While the UK was sending India £1.17billion in aid, the Indian government was spending nearly half that amount on the world’s tallest statue.
This new statue is twice the height of the US’ Statue of Liberty and has been met with condemnation for the large bill that it carried.
Over the 56 months it took to build India’s Statue of Unity, the government spent around £330million of UK taxpayer’s aid.
Indian Prime Minister Narendra Modi attended the statue’s unveiling.
It stands in Mr Modi’s home state of Gujarat at the bend of the Narmada river.
The Prime Minister was the chief minister of Gujarat when the statue was first commissioned.
Construction began in 2015. The UK had sent India nearly £300million in 2012.
Then, in 2013, the UK sent another £268billion followed by £278million in 2014 and £185 million in 2015.
Since then, the UK has sent India smaller sums.
While this money was coming in, India was spending much of it to build the 579ft bronze replica of a hero of India’s independence movement, Sardar Patel.
In response to this, Tory MP Peter Bone said: “To take £1.1billion in aid from us and then at the same time spend £330million on a statue is a total nonsense and it is the sort of thing that drives people mad.
“What it proves is that we should not be giving money to India.
“It is up to them how they spend their money but if they can afford this statue, then it is clearly a country we should not need to be giving aid to.”
The aid money was also spent on various programmes ranging from improving women’s rights to funding solar panels to investment in low-carbon transport.
In 2014, around £14,000 was spent in Gujarat to increase religious tolerance among young people.
While the UK did not directly fund the statue, the money was spent on programmes that the government could not have afforded if they had been using their own money on building the monument.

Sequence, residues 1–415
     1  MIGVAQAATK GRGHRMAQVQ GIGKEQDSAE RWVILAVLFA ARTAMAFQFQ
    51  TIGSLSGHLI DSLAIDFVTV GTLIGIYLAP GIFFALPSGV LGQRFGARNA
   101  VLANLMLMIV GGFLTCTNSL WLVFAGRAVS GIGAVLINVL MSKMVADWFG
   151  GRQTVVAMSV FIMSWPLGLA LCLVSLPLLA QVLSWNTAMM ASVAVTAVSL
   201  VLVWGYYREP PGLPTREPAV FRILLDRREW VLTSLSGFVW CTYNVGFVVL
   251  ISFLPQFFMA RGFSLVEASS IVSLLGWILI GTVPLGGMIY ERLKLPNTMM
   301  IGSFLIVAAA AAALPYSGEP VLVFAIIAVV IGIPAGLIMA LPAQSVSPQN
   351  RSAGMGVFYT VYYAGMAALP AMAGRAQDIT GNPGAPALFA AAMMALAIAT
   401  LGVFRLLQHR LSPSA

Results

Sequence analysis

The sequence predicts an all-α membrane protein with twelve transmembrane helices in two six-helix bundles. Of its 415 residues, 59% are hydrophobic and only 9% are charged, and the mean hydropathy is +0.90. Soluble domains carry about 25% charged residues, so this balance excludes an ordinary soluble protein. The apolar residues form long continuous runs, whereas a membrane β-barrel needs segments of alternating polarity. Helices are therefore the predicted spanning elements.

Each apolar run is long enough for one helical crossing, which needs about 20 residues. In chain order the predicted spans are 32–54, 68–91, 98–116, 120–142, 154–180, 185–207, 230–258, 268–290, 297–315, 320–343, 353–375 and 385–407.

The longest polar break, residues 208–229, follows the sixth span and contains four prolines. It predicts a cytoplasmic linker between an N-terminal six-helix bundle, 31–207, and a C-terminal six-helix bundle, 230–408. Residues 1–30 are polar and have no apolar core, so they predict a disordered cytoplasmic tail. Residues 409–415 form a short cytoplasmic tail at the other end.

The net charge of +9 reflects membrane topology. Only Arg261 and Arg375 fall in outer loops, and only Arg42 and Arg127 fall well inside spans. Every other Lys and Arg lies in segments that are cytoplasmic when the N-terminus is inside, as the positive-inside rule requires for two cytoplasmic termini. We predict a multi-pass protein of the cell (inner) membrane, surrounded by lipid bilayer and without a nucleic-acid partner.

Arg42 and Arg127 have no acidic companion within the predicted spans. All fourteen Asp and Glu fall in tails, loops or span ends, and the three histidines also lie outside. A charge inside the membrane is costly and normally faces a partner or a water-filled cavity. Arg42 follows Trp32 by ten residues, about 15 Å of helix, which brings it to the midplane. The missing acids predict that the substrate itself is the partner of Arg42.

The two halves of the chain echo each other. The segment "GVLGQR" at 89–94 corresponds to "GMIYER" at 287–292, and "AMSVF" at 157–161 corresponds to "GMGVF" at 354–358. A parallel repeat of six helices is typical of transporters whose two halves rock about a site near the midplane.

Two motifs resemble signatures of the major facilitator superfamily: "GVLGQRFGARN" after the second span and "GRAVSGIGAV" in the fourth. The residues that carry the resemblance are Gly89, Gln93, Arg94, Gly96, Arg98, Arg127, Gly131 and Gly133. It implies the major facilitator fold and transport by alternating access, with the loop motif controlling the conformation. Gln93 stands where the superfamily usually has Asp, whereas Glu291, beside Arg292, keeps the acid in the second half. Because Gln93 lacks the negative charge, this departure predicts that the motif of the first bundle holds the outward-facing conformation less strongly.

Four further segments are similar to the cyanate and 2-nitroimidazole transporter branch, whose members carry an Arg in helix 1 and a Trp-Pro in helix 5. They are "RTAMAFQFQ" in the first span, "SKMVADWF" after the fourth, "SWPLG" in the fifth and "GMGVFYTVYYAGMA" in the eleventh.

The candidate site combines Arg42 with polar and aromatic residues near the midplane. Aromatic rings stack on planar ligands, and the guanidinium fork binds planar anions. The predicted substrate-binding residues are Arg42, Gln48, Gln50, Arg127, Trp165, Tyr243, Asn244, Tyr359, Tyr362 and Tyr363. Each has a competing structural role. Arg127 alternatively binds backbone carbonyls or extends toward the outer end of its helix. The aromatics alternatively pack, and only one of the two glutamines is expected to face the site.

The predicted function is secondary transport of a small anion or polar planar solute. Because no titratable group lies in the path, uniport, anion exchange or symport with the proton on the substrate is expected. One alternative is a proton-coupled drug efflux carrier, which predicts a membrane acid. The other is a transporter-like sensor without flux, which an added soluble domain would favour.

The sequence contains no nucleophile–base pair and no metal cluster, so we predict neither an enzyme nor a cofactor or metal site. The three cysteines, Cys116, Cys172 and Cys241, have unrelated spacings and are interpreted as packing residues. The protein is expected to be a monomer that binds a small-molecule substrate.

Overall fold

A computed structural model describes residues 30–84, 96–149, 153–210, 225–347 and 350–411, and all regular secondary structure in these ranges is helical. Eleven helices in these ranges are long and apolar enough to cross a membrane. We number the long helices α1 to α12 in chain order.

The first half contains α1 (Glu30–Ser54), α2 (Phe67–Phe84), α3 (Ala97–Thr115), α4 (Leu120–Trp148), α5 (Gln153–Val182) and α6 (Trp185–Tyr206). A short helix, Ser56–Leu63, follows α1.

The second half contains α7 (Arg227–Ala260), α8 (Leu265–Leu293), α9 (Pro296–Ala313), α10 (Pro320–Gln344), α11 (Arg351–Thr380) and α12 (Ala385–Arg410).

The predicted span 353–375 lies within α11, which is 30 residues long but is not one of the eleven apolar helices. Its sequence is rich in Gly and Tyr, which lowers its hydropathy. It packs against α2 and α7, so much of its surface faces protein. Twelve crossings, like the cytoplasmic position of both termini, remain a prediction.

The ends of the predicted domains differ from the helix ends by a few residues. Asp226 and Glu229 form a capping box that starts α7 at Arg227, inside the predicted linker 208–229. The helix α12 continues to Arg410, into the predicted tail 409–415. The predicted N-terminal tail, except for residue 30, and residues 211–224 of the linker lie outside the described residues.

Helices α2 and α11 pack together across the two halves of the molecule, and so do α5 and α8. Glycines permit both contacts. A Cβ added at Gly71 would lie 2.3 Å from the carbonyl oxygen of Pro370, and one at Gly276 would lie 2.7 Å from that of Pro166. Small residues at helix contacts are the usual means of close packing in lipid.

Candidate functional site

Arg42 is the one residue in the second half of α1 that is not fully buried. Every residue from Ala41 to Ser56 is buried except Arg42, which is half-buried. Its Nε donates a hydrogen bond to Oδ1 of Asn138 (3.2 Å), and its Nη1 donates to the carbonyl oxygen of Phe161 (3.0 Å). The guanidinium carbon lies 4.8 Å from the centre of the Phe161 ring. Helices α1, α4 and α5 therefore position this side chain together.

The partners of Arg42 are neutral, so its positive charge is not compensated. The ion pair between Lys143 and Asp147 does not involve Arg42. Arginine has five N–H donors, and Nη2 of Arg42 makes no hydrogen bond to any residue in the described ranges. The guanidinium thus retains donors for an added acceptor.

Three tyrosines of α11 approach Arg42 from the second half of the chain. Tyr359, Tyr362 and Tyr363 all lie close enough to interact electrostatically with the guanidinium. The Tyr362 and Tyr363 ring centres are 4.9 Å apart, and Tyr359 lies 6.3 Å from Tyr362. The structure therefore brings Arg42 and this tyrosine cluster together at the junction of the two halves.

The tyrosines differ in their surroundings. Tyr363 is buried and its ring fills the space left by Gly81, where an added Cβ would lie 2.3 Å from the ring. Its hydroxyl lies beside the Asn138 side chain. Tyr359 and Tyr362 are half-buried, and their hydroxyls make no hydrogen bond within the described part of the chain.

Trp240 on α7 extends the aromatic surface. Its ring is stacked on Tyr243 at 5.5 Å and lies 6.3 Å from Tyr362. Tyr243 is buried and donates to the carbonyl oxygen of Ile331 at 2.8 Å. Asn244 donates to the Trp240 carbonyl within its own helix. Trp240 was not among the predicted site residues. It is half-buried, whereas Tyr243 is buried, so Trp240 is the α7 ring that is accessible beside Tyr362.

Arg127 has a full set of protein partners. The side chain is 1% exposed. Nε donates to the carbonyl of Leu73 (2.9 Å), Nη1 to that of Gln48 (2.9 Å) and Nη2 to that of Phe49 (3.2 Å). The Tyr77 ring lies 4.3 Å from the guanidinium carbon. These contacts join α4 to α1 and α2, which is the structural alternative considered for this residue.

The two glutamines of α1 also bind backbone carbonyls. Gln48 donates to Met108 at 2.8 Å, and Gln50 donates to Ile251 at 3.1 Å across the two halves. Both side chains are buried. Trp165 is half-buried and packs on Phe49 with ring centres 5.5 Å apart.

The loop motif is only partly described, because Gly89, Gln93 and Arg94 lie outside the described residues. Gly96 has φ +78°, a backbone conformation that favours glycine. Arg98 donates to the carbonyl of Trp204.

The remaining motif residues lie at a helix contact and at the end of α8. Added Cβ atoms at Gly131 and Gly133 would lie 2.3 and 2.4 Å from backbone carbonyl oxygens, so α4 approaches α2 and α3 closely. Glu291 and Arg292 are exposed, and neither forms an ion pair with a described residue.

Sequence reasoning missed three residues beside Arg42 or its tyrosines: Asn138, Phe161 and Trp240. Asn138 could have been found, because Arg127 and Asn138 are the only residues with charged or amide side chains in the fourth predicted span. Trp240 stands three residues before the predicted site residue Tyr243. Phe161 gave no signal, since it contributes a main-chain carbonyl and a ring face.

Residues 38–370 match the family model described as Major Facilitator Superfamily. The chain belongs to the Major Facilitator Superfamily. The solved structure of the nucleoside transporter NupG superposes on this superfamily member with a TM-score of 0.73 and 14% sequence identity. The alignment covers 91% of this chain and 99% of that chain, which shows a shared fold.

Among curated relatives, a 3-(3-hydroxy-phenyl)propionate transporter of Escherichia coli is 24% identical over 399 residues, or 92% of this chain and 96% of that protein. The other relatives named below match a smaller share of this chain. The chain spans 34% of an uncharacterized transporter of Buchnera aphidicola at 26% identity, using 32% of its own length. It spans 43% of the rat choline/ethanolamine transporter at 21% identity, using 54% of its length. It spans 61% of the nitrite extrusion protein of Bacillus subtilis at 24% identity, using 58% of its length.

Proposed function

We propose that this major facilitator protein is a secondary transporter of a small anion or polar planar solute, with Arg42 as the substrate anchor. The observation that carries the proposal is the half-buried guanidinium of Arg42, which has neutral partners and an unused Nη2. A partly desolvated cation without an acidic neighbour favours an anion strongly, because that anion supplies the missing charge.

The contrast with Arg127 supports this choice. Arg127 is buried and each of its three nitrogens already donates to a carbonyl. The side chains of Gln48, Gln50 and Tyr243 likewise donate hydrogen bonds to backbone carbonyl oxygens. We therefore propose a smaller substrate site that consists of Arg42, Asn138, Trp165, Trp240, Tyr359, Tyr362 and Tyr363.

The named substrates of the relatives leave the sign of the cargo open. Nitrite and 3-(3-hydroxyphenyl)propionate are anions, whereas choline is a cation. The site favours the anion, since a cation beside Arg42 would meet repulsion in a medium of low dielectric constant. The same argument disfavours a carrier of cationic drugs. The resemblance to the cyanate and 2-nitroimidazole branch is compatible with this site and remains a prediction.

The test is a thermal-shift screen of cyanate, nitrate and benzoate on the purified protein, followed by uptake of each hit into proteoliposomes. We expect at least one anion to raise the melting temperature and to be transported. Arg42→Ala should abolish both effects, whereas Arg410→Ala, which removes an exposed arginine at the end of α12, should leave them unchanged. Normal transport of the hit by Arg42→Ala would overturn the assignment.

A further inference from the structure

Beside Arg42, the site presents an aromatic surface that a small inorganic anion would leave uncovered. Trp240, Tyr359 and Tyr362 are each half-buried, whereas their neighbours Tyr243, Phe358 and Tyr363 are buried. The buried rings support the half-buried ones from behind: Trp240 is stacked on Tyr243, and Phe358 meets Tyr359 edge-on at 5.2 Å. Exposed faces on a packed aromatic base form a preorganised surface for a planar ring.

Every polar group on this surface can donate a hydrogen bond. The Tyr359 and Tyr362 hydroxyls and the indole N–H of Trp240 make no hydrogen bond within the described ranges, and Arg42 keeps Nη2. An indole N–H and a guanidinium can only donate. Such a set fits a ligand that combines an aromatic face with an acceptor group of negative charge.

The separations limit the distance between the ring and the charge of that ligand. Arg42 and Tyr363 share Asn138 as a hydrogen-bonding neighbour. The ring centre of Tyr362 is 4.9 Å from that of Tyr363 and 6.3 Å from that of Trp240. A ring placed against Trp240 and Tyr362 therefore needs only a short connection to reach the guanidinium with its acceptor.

It took 3,500 workers four years to build and it also saw a massive land-grab that affected 72 nearby villages that, according to tribal chiefs, forced thousand out of their homes.
Upon its unveiling, helicopters flew overhead and dropped rose petals during Mr Modi’s speech.
Britain’s former International Development Secretary Andrew Mitchell said in 2012 that the UK would stop ending India aid in 2015, but £92.6million was sent to India last year.
The UK has funded schemes in India including £86.616 to see if yoga helps people have heart attacks and another £100.000 to bring female scientists from India to Cambridge.
While the Department of International Development has said that it ended its traditional aid to India in 2015, but they are still giving some funding to help boost their economy and to try to counter climate change.
A spokesman said: “The UK now provides world-leading expertise and private investment – while generating a return for the UK – to boost prosperity, create jobs and open up markets, which is firmly in our interests.”